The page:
— By Sunny Sajnani
In late June 2016, a historic referendum was voted on approving the British withdrawal from the European Union (EU). The immediate reaction was a short-lived dive in world stock markets, which immediately rebounded a week later. Investors of all assets classes have come to realization that Brexit will result in a long-term transition for the UK, rather than an immediate change. So what does all this mean for commercial real estate in the United States? Why does the UK decision to distance themselves from other European nations affect us?
Bexit is likely to have a short-term positive effect on commercial real estate in the United States, especially in large gateway cities and in the office market. “We’re probably going to see more foreign capital push into the safe haven that is the United States. The greatest effect will probably be in the office markets of U.S. cities that are points of entry for international travelers,” said Suzanne Mulvee, director of research at CoStar, a commercial real estate analytics company.
The longer-term effects of the vote and Britain’s actual withdrawal from the EU are less clear. “Brexit is one more in a series of shocks to the global economy that will have uneven implications for the U.S.,” said Christian Redfearn, professor of real estate at the University of Southern California. “An exit from the EU could signal the beginning of the end of the EU experiment and a lot of uncertainty about one of the major drivers for the world economy.”
Gerard Mildner, director of the Center for Real Estate at Portland State University, said Brexit will probably have little immediate impact on the U.S. economy or commercial real estate markets, but could be part of a larger shift in the nature of the global economy. “The risk is that other countries will copy Britain and impose trade barriers. The most exposed U.S. sectors will be export businesses (e.g., aerospace, agriculture, technology), port-related industrial property and the financial industry.”
US Treasury rates have tanked since the Brexit vote. The 10-year US Treasury rate has fallen from 1.74% on June 23, 2016, to 1.37% on July 5, 2016—a reduction of 37 bps in 2 weeks. Also note, when the energy market was at its low at the beginning of the year, the 10-year treasury rate was 2.24%. A drop in rates comes as investors flee to the safety of the 10-year treasury note that serves as the benchmark for mortgage interest rates, creating a “Brexit benefit” for lenders and borrowers. For purposes of new financings, this is a huge benefit for borrowers that are locking in long-term rates especially compared to the price of capital only 6 months ago.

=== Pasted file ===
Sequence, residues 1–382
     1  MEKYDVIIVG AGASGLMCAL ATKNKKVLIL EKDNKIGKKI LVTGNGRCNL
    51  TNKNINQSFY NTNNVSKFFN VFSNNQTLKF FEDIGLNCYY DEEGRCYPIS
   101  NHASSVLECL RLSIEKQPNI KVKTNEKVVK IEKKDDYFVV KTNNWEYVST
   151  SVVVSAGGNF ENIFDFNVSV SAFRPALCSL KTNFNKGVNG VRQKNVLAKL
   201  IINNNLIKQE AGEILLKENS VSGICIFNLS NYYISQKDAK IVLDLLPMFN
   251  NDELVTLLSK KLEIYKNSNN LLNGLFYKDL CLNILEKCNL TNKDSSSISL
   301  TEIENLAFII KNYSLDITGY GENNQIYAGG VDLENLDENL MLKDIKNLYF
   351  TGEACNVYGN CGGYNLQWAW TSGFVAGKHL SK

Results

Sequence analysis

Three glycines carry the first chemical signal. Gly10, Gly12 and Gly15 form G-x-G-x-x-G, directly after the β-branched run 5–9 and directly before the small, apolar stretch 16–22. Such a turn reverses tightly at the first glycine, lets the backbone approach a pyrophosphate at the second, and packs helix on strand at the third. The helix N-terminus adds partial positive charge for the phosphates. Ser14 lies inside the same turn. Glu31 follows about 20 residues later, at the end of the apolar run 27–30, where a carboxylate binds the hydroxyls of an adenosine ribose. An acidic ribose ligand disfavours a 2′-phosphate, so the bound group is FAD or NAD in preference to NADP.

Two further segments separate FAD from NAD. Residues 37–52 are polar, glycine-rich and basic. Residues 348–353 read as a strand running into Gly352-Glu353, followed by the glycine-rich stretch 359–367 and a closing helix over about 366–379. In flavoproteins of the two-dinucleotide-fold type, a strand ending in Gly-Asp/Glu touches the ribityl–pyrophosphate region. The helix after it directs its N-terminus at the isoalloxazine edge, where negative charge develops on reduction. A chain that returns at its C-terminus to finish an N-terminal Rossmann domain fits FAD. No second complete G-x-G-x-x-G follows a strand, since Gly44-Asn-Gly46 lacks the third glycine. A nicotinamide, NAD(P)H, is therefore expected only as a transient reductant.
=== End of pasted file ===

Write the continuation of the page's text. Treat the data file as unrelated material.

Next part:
These drastic rate decreases don’t benefit everyone. Brexit drastically affects Defeasance Costs and Yield Maintenance for borrowers that are trying to unwind and payoff CMBS debt (and other permanent mortgage products). The cost to defease a CMBS loan has become substantially more expensive due to the decline in treasury yield. Since most CMBS loans being defeased now are maturing within a couple of years, the cost is more correlated with short-term yields. As yields rise, the cost to defease is cheaper; however, as they drop, the cost increases. As an example, the yield on the 2-year note has dropped from 91 basis points at the beginning of June to 58 basis points at the beginning of July. Thus, many borrowers are being surprised at the jump in the cost over the past couple weeks.
The Principals and Senior Directors at MCA are preparing for surge of financing requests to lock in long term rates given the current environment. Please reach out to us if you have questions on how your deal will place in today’s credit markets.
The author, Sunny Sajnani, is a Senior Director in the Dallas office of Metropolitan Capital Advisors. Please contact Sunny Sajnani at email@example.com or visit the Metropolitan Capital Advisors website at http://metcapital.com.